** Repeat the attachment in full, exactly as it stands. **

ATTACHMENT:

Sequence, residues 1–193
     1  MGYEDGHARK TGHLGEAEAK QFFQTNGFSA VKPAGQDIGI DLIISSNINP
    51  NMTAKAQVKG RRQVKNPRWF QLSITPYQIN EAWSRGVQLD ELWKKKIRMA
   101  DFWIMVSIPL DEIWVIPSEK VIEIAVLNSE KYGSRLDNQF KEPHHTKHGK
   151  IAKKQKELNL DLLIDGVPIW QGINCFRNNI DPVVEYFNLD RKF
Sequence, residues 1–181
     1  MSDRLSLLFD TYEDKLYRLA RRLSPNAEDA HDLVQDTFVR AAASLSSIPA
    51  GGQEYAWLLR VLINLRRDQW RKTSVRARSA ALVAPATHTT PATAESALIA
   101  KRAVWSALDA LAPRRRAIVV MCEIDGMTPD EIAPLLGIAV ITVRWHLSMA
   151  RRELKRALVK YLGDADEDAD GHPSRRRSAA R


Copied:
Sequence, residues 1–193
     1  MGYEDGHARK TGHLGEAEAK QFFQTNGFSA VKPAGQDIGI DLIISSNINP
    51  NMTAKAQVKG RRQVKNPRWF QLSITPYQIN EAWSRGVQLD ELWKKKIRMA
   101  DFWIMVSIPL DEIWVIPSEK VIEIAVLNSE KYGSRLDNQF KEPHHTKHGK
   151  IAKKQKELNL DLLIDGVPIW QGINCFRNNI DPVVEYFNLD RKF
Sequence, residues 1–181
     1  MSDRLSLLFD TYEDKLYRLA RRLSPNAEDA HDLVQDTFVR AAASLSSIPA
    51  GGQEYAWLLR VLINLRRDQW RKTSVRARSA ALVAPATHTT PATAESALIA
   101  KRAVWSALDA LAPRRRAIVV MCEIDGMTPD EIAPLLGIAV ITVRWHLSMA
   151  RRELKRALVK YLGDADEDAD GHPSRRRSAA R